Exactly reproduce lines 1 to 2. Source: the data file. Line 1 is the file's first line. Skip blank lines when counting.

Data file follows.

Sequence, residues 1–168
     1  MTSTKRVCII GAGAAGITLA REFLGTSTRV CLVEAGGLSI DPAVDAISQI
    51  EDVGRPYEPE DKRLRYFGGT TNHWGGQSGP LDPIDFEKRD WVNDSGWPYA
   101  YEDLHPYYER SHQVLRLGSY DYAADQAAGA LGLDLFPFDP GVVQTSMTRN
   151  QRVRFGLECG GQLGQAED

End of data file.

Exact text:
Sequence, residues 1–168
     1  MTSTKRVCII GAGAAGITLA REFLGTSTRV CLVEAGGLSI DPAVDAISQI